Not long ago, this extremely confined pure water was investigated and it was found that the water molecules are able to arrange themselves as a double layer when the spacing between the mineral sheets is appropriate [9]. More recently, it was investigated the simplest chemical reaction, namely proton transfer and diffusion in confined water (see Figure 1). Upon analyzing the mechanism, it was shown that the confinement does not affect much the diffusion properties [10]. In contrast, the hydroxide ion is found to be much more strongly affected by confining alkaline water solutions.

Currently, simulations of the prebiotic reactions leading to the formation of the dipeptide in these water layers in mackinawite slit pores are underway (see Figure 2). Preliminary results suggest that the confinement helps to form peptide bonds and eventually proteins while it protects them from being hydrolyzed at the same time. If confirmed, these results suggest that indeed water lamellae might be a preferential nanoreactor for peptide formation. Moreover, these findings contribute to understand the interplay of the properties of water in extreme confinement and chemical reactivity, which could have very interesting applications that are totally independent from prebiotic chemistry.


[1] Wächtershäuser, G. Groundworks for an evolutionary biochemistry: the iron-sulphur world. Prog. Biophys. Mol. Biol. 58, 85–201 (1992).
[2] Marx, D. & Hutter, J. Ab Initio Molecular Dynamics: Basic Theory and Advanced Methods (Cambridge University Press, Cambridge, 2009).
[4] Nair, N. N., Schreiner, E. & Marx, D. Glycine at the pyrite-water interface: The role of surface defects. J. Am. Chem. Soc. 128, 13815–13826 (2006).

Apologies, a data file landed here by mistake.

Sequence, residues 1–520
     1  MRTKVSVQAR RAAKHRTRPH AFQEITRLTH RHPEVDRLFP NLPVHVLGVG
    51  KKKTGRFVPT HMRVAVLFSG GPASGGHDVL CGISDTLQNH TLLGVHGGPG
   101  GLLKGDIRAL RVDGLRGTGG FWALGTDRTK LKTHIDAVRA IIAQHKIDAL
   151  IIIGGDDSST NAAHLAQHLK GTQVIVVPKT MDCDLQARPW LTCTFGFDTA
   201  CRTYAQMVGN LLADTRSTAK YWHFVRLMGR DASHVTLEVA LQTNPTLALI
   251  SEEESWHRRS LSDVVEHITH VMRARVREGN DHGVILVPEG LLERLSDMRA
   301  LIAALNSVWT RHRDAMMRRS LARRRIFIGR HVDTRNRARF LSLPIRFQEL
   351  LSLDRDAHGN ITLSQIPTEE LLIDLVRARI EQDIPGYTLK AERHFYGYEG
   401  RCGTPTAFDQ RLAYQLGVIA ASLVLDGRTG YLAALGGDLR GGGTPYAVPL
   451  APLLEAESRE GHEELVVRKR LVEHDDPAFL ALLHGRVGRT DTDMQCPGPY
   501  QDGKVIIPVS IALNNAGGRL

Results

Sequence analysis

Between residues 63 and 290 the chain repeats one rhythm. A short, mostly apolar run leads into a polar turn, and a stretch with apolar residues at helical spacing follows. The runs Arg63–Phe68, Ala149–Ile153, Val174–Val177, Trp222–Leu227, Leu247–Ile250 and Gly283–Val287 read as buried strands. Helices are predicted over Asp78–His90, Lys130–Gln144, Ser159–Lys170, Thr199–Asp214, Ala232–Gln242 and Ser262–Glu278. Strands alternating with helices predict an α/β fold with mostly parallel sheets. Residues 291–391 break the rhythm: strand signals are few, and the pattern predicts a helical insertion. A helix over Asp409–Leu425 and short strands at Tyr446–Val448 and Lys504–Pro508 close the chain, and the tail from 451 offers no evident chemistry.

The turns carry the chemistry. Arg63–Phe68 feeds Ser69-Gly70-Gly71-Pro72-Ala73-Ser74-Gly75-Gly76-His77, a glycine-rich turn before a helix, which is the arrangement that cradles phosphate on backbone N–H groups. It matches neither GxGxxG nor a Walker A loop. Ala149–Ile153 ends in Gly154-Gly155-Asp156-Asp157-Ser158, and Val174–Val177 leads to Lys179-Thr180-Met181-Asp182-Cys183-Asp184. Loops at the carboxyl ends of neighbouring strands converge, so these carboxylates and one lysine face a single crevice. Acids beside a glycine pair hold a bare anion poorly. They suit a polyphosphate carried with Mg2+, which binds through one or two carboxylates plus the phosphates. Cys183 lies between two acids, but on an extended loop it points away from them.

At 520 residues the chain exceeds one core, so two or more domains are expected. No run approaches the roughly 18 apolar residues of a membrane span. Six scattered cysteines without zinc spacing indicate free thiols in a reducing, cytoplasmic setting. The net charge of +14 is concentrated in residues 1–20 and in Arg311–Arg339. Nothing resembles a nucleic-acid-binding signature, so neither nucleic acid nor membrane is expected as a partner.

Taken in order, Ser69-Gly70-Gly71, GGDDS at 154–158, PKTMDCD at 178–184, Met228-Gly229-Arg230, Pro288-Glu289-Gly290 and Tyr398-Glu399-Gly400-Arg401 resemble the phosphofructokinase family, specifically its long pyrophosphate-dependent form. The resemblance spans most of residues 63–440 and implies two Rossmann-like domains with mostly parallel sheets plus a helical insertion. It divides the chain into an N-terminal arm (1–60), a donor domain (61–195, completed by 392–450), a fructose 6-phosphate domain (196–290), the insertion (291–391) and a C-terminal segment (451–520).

[5] Schreiner, E., Nair, N. N. & Marx, D. Influence of extreme thermodynamic conditions and pyrite surfaces on peptide synthesis in aqueous media. J. Am. Chem. Soc. 130, 2768–2770 (2008).
[6] Nair, N. N., Schreiner, E. & Marx, D. Peptide synthesis in aqueous environments: The role of extreme conditions on amino acid activation. J. Am. Chem. Soc. 130, 14148–14160 (2008).
[7] Schreiner, E., Nair, N. N. & Marx, D. Peptide synthesis in aqueous environments: The role of extreme conditions on peptide bond formation and peptide hydrolysis. J. Am. Chem. Soc. 131, 13668–13675 (2009).
[8] Schreiner, E., Nair, N. N., Wittekindt, C. & Marx, D. Peptide synthesis in aqueous environments: the role of extreme conditions and pyrite mineral surfaces on formation and hydrolysis of peptides. J. Am. Chem. Soc. 133, 8216–8226 (2011).
[9] Wittekindt, C. & Marx, D. Water confined between sheets of mackinawite FeS minerals. J. Chem. Phys. 137, 054710 (2012).
[10] Muñoz-Santiburcio, D., Wittekindt, C. & Marx, D. Nanoconfinement effects on hydrated excess protons in layered materials. Nat. Commun. 4, 2349 (2013).

Scientific team:

Prof. Dr. Dominik Marx (PI) and Dr. Daniel Muñoz-Santiburcio

Scientific contact:

Prof. Dr. Dominik Marx
Lehrstuhl für Theoretische Chemie - Ruhr-Universität Bochum
Universitätsstraße 150, D-44801 Bochum (Germany)

June 2016

JSC Project ID: hbo27

Tags: Ruhr Universität Bochum Chemistry